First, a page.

In the beginning of our EcoStove Project, folks on those early missions talked about the design, construction, and operation of the stoves. So, I gave a talk one day about us “building stoves in Honduras.”
Afterward, Dennis Sanders, one of our EcoStove pioneers, pulled me aside and said, “You know, we don’t actually build the stoves. We fund and oversee them, but we don’t actually build anything.”
Instead of us bringing the components and building the stoves, we leave that to the skilled craftsmen in Choluteca. This provides labor and income for the workers, giving a much-needed boost to their local economy. It also creates a sense of ownership and pride within the community as the stoves benefit the recipients along with many of their neighbors.
The plancheas, the metal cooking surfaces, are made by local laborers. Shown above are John O’Donnell, Tim McMicken, and Bill Drake (background) helping unload new plancheas which will be used to build new stoves.
On our 2014 mission, we visited the homes where the craftsmen were making the bricks and chimneys. The adobe brick maker, Senor Orlando Mendoza, was more than happy to show us how he made the bricks, starting with a base mixture of horse and cow manure mixed with straw and water. After they dry in the sun, he bakes them in a kiln 5 hours a day for 2 days, and then lets them cool and harden for 3 days.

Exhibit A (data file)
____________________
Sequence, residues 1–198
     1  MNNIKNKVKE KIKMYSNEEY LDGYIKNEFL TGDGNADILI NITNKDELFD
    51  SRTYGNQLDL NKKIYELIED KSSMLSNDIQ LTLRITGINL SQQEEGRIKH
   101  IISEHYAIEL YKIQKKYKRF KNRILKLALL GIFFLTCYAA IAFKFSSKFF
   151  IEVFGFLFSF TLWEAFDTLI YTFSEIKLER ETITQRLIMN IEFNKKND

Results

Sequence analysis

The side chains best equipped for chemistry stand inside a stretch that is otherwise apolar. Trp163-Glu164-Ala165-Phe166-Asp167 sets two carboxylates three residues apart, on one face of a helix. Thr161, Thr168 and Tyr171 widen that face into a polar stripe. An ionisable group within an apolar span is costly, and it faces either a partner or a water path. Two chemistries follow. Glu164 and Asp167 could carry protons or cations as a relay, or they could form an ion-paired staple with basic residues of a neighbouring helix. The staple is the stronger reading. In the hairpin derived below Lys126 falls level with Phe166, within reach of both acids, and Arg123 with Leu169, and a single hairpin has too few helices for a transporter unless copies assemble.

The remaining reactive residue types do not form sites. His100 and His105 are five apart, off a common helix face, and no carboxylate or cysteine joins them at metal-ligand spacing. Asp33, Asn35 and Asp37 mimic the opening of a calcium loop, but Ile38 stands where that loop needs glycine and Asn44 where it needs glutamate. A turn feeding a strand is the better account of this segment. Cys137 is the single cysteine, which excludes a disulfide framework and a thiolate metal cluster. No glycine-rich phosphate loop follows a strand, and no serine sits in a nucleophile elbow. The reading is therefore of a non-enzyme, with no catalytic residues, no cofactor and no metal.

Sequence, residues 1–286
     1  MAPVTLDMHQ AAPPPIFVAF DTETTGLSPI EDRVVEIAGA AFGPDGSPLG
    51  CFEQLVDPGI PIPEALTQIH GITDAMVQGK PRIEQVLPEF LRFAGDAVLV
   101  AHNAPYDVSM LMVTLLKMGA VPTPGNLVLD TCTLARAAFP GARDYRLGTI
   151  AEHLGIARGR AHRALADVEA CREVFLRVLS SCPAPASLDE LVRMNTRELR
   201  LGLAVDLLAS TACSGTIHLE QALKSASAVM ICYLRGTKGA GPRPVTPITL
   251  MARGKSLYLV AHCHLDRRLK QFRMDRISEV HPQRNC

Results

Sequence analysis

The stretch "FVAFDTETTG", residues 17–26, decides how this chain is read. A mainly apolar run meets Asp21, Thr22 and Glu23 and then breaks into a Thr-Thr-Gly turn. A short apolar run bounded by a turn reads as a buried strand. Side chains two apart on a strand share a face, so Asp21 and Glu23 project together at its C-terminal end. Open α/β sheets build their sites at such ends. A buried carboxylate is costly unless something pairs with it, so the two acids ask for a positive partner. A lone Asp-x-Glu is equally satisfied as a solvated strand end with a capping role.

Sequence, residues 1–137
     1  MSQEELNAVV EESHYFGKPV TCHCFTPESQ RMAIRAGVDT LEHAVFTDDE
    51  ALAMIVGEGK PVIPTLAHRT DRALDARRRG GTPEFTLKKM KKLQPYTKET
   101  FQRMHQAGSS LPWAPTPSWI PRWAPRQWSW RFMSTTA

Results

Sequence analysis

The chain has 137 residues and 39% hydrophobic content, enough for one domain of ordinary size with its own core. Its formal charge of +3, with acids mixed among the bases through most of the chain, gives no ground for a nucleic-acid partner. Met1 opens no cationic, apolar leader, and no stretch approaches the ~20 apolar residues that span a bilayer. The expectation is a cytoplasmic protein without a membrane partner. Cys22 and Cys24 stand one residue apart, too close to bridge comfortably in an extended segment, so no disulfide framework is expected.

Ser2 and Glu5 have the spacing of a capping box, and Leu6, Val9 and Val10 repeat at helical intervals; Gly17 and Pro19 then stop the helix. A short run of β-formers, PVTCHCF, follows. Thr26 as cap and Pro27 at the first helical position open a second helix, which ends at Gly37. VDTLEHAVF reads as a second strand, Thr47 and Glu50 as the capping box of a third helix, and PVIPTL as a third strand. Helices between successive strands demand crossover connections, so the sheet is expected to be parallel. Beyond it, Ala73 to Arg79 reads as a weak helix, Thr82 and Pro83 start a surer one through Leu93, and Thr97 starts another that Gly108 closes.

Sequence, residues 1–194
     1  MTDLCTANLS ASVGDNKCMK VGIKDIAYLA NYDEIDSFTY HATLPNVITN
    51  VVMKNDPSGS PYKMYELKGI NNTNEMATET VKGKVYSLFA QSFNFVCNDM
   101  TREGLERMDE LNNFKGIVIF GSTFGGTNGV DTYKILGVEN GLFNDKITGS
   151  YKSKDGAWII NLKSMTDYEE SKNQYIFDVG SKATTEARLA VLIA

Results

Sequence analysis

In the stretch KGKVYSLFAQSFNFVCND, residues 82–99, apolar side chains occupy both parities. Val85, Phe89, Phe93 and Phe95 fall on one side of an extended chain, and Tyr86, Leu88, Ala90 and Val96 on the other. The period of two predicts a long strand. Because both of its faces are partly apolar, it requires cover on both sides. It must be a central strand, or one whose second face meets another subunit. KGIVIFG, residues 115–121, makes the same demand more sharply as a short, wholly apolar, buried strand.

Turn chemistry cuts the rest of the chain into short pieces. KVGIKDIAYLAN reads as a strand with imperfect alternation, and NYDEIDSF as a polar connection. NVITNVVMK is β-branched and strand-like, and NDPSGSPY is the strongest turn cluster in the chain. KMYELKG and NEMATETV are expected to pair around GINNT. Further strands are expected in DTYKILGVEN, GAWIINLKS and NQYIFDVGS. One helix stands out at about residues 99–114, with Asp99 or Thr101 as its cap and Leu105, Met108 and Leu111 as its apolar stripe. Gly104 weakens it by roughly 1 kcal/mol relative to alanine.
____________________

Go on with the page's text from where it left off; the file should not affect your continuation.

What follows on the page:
Later, we visited the chimney maker, Senor Rigoberto Calderon, who made a chimney while we watched. Methodically working on his small porch, he marked a sheet of tin using a wooden guide, and then carefully cut it with hand-held tin snips. Using an iron pipe, he shaped it into a cylinder and then secured the seam with a tin punch. His home had electricity and a nice kitchen with a tile-decorated EcoStove of his own. He said, “I love the EcoStoves. I don’t have to carry so much wood, which gives me time to do my trade. And they help me support my family.”
Actually, we are quite happy that we don’t build anything.